September 20, 2020

Tropical Storm Debby

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THERE HAS BEEN A SIGNIFICANT CHANGE IN THE FORECAST TRACK WITH THIS

ADVISORY. THE OFFICIAL FORECAST NO LONGER BRINGS DEBBY WESTWARD

ALONG THE NORTHERN GULF OF MEXICO AND INSTEAD KEEPS THE CYCLONE

MEANDERING OVER THE NORTHEASTERN GULF FOR THE NEXT 3 TO 4 DAYS.

THIS FORECAST IS A COMPROMISE BETWEEN THE CONSISTENT EASTWARD

SOLUTION PROVIDED BY THE GFS FOR THE PAST SEVERAL DAYS AND THE NEW

TWIST OF THE ECMWF. THE ECMWF MODEL…WHICH HAS BEEN

FORECASTING DEBBY TO MOVE WESTWARD ALONG THE GULF OF MEXICO… NOW

HAS THE CYCLONE MEANDERING FOR THE NEXT 3 DAYS OVER THE

NORTHEASTERN GULF. SINCE THESE TWO RELIABLE MODELS ARE IN

MARGINALLY BETTER AGREEMENT…I AM A LITTLE MORE CONFIDENT…BUT

NOT COMPLETELY…THAT DEBBY IS NOT GOING TO TURN WESTWARD OVER THE

GULF. HOWEVER…NEW OFFICIAL TRACK REMAINS A LOW-CONFIDENCE

FORECAST.

 

DEBBY IS A SPRAWLING SYSTEM…WITH MOST OF THE THUNDERSTORM ACTIVITY

IN A CURVED BAND WELL REMOVED FROM THE CENTER.  DATA FROM THE

RECONNAISSANCE PLANE A FEW HOURS AGO INDICATE THAT THE INITIAL

INTENSITY REMAINS 50 KNOTS. THE SHEAR IS NOT EXPECTED TO CHANGE

MUCH FOR THE NEXT DAY OR SO…BUT BECAUSE DEBBY IS FORECAST TO

REMAIN OVER WATER…THERE WILL BE SOME OPPORTUNITY FOR A SLIGHT

STRENGTHENING BEFORE THE CENTER MOVES INLAND. HOWEVER…THE CYCLONE

WILL LOCATED BE NORTH OF THE AREA OF HIGH OCEANIC HEAT CONTENT AND

THE UPWELLING COULD HALT THE INTENSIFICATION.

 

Rob Lightbown of Crown Weather said at 11:18am Sun Jun 4

According to recon reports this morning, the center of Tropical Storm Debby was located to the northeast of the NHC official position. The reason for this is because the center of the storm seems to be constantly moving underneath the deeper convection. This fact, plus a change in the overall guidance, has caused me to seriously doubt the forecast track towards Texas. Very frustrating to the say the least!! Additionally with thunderstorms trying to develop on the western side of this storm and the fact that wind shear values are decreasing, Debby is likely to strengthen over the next couple of days and become a hurricane.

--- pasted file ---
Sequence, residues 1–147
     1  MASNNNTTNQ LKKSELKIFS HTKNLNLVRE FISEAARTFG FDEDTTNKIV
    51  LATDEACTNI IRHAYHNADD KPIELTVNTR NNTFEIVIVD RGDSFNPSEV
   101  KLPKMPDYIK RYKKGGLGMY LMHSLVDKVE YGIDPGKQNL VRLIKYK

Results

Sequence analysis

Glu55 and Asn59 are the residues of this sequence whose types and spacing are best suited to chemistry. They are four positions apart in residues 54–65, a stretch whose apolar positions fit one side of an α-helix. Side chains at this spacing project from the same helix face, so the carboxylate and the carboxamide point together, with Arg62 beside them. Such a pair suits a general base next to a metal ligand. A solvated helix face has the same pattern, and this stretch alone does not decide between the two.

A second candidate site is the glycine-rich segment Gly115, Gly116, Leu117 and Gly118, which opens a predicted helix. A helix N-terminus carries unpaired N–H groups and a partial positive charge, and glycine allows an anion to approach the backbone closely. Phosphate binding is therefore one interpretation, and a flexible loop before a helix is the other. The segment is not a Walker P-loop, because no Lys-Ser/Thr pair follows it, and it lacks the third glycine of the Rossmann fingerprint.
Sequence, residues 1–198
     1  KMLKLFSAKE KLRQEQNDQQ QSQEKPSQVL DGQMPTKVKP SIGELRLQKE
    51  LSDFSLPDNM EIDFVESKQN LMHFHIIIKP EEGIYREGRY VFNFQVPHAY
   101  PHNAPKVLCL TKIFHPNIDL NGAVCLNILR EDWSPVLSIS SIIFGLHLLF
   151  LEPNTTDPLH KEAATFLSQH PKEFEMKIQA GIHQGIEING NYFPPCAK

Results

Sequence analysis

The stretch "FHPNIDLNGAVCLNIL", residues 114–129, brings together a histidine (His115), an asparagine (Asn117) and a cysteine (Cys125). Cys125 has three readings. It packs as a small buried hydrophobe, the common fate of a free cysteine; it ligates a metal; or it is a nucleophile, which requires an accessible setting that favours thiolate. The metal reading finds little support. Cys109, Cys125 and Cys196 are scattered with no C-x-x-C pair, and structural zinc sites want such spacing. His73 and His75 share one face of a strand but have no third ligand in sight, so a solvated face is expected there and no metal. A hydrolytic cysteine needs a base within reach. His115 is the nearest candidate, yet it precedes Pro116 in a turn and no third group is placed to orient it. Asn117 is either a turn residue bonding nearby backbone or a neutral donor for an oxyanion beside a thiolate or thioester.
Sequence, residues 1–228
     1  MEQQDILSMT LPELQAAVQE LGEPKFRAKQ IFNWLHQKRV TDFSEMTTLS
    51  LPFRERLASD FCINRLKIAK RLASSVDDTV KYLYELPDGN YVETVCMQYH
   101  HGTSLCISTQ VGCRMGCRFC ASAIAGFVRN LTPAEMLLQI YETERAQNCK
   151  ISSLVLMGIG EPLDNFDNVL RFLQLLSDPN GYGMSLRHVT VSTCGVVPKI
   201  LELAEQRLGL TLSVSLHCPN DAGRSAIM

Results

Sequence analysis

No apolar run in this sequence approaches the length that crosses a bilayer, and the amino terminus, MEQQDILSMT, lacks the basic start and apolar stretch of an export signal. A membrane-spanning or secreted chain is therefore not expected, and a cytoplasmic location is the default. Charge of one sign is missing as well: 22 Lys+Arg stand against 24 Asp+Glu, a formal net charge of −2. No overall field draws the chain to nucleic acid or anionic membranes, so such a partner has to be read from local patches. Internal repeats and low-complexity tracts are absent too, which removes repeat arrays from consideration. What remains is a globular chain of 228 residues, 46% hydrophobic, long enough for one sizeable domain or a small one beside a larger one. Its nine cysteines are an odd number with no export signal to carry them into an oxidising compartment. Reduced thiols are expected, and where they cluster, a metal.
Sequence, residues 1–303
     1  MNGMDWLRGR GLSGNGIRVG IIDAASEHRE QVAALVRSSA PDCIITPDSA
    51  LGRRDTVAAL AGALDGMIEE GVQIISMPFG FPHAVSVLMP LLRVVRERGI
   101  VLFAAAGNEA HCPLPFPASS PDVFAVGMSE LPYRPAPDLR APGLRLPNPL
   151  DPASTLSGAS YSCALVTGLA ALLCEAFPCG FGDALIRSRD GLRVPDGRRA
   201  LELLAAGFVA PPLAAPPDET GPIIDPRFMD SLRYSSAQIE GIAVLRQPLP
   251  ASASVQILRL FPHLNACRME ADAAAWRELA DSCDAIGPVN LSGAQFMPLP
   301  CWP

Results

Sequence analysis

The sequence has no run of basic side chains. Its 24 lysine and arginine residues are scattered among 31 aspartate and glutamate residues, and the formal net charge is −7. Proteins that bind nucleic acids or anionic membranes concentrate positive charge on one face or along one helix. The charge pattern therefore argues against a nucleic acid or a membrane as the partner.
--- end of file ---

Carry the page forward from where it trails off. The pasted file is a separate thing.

The latest track guidance has gone against my thinking and have converged on a track onshore somewhere between the Florida Panhandle and southeastern Louisiana.

The big problem in the forecast track is the fact that the overall steering winds around Debby will be extremely weak over the next few days and the storm sits in between two big high pressure ridges. One ridge of high pressure will be located over the southern Plains while the other is sitting over the western Atlantic. In the middle is a departing trough of low pressure moving out of the northeastern United States.

The 10 million dollar forecast question is whether this trough of low pressure will be strong enough to pull Debby northeastward or will the trough miss the storm and allow the ridge of high pressure over the Southern Plains states build to the north and turn it westward.

This change in the overall guidance has really put me at odds on what to do. I had a couple of questions this morning to answer: The first is should I maintain a Texas track, but shift it northward up the coast. The second question is should I shift the forecast track dramatically and risk the error of having the track be totally wrong. One thing that I noted was that the European ensembles show a large spread in the possible tracks ranging from central and south Texas to Tampa.

So, it is of my opinion and of total frustration that I am shifting the forecast track for Debby to an area between Mobile Bay and Apalachicola. With that said, the overall steering around Debby is extremely difficult to forecast and that Texas scenario is still possible. I want to point out that I have a serious concern that the turn towards the west turn may actually occur as the storm is coming inland and travel right along the coast from the Florida panhandle westward to southern Louisiana. If this should come to pass, then much of the northern Gulf coast would be raked by strong winds, heavy rainfall & surge concerns.

All interests along the northern Gulf coast should continue to monitor the progress of Debby very closely.

 

For more up to date information on Debby go to:

www.crownweather.com/

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